Saturday, February 14, 2009


This post is coming to you from a super-fast Fiber Optic internet connection. It won't make things any quicker at your end, I know, but hopefully me having faster upload times will encourage me to post more frequently, more imaginatively and with more photos. Lets start by recalling the process of having FiOS installed.

The 3Mbps down and 1Mbsp up I was getting with DSL was probably sufficient for my needs, but then Verizon screwed up my account and I got stuck with 768Kbps which really sucked. Then my landline inexplicably packed in and I decided it was time to upgrade to the 21st century. I canceled all my previous Verizon services and signed up for FiOS online. I was pleasantly surprised to find that a technician was available two days later to come set up the service. He arrived right in the middle of his allotted window, at 3pm. I showed him around the house and he seemed to think it would be a simple job getting me hooked up.

The thing with FiOS is that they don't tell you about all the hardware you're going to need until you already confirmed your order. The next thing you know, you get an email that explains what you have to do before the technician arrives. This includes running Verizon's virus and spyware scanner on your PC, and also finding a location in your home for the terminal power source. You see, the Optical Network Terminal (ONT) they install has to plug into a regular three-pronged outlet. This turns out to be a tricky proposition since the obvious place to put the ONT is where your existing telephone terminal is, but since telephone don't need a power supply, the telephone terminals usually aren't conveniently located near an outlet. I get the feeling that how smoothly your installation goes depends on how inventive your technician is. I sussed out the situation a little beforehand, and with my suggestion and his ingenuity, we came to an easy solution that looked like it would work well.

Dude set to work installing the power supply and battery backup in our bedroom closet. He did a really nice job of stapling the power cord to the base board and up to the outlet. That accomplished be went out and installed the ONT on the back wall. I was quite impressed that he took the old AT&T terminal off, since the evidence suggested that all previous technicians had left old, obsolete hardware in place. He used an existing Coaxial run to get from the ONT to the router. I realized too late that the router didn't need to be in the bedroom as well, but dude had seen the coax there and I guess jumped at the chance to make the install job as easy as possible for himself.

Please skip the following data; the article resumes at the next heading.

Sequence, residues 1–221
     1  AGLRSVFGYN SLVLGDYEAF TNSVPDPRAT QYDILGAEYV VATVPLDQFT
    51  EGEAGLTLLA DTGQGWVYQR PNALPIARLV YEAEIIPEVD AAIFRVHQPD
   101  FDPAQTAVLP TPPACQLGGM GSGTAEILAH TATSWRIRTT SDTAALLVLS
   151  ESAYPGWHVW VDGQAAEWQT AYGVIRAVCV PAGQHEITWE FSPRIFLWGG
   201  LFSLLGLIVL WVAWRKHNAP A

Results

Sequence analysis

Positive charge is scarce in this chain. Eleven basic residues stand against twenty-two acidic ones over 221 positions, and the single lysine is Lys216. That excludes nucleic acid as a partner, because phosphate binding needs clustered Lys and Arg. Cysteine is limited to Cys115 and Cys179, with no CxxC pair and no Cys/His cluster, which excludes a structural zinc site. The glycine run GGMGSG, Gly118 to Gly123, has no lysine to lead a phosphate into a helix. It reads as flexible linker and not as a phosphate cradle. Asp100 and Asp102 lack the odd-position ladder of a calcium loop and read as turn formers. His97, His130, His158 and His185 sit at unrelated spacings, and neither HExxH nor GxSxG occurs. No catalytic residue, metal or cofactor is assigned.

Once it was all hooked up, we connected my laptop to the router with an Ethernet cable and begun the software side of the installation. Dude plugged a USB dongle in to run the setup program. I respected the fact that the technician unselected most of the dumb stuff that Verizon tries to install on your computer at this point. It went really smoothly, and the router comes WEP enabled so that reduces the hassle of trying to set up wireless security yourself. Once the internet connection was up and running the job was done and dude went on his merry way. I made sure to ask some ambiguous questions about what would happen if certain items were powered down, just so I could play around with them if I wanted. This morning I moved the router to my office, which involved opening the ONT and swapping over the coax. I had to go under the house to find the right cord, and was shocked to discover that dude had screwed my crawlspace hatch shut. Not only that, but he had snipped off the head of the screw, making it virtually impossible for me to open the hatch. I don't know if this is common practice, but it pissed me off. In the process of trying to open the door, I snapped the handle off, but in the end my tenacity and a variety of levers got me in.

I was very please to find that once I hooked everything back up and powered on the router, my connection was instantly restored. All my other experience with cable company-supplied router is that they are totally unreliable. Verizon supplied the Actiontec MI424, which I've never heard of, and is kinda big and ugly, but as long as it works. I can probably find someone to give my old D-link router to.

Monday, February 09, 2009

New Flag

The year is 2009 CE. Virginia is entirely occupied by the Americans. Well, not (very) small village of an indomitable Brit still holds out against the revolutionaries.

Just call me Mykingdomforanos.

The flag that Kris bought me for my one year anniversary in the States was beginning to show it's age. Sun, wind and rain had put a serious dent in the color intensity. Plus I invested in these clever anti-furl flag holders that are meant to rotate all the way around the pole. But the dowel became swollen by moisture and the free rotation was lost. The flag would wrap around the pole, snag on the wing nut on the bracket and start to tear. So, it was time for a new one. The old flag has been retired to our tool cupboard, where it now helps hide the hot water tank.

Sunday, February 08, 2009

Marine Corps Training Exercise

I've been meaning to post these photos for a while now. They were taken from outside my house on January 11th. For several days these scary looking aircraft would come skimming over the trees in pairs. One day they came over for three consecutive passes, right over our house! In fact, I saw them all over the city. You'd here them long before you ever saw them, particularly given the low altitudes they were flying at. Unfortunately I never had my camera ready at the best moments but still got a few shots. I later heard that some kind of Marine Corps training exercise was going on in the area, which makes sense given the models of aircraft involved.

The first picture is a rather distant but beautifully framed shot of a Sikorsky CH-53E Super Stallion. It's the largest helicopter in the US Military inventory, and is used by the Marine Corps as a heavy lift helicopter. I was disappointed not to see it flying over with a M198 Howitzer slung underneath, but I guess there are some safety concerns when operating over friendly residential areas.

The second aircraft pictured in a V-22 tiltrotor aircraft. These things are scary to behold, I think because they can drone around at low altitude like a helicopter, then tilt the rotors forward and take off over the horizon like a regular aeroplane. The Marines use the MV-22 variant, and were the first to deploy them in combat in Iraq.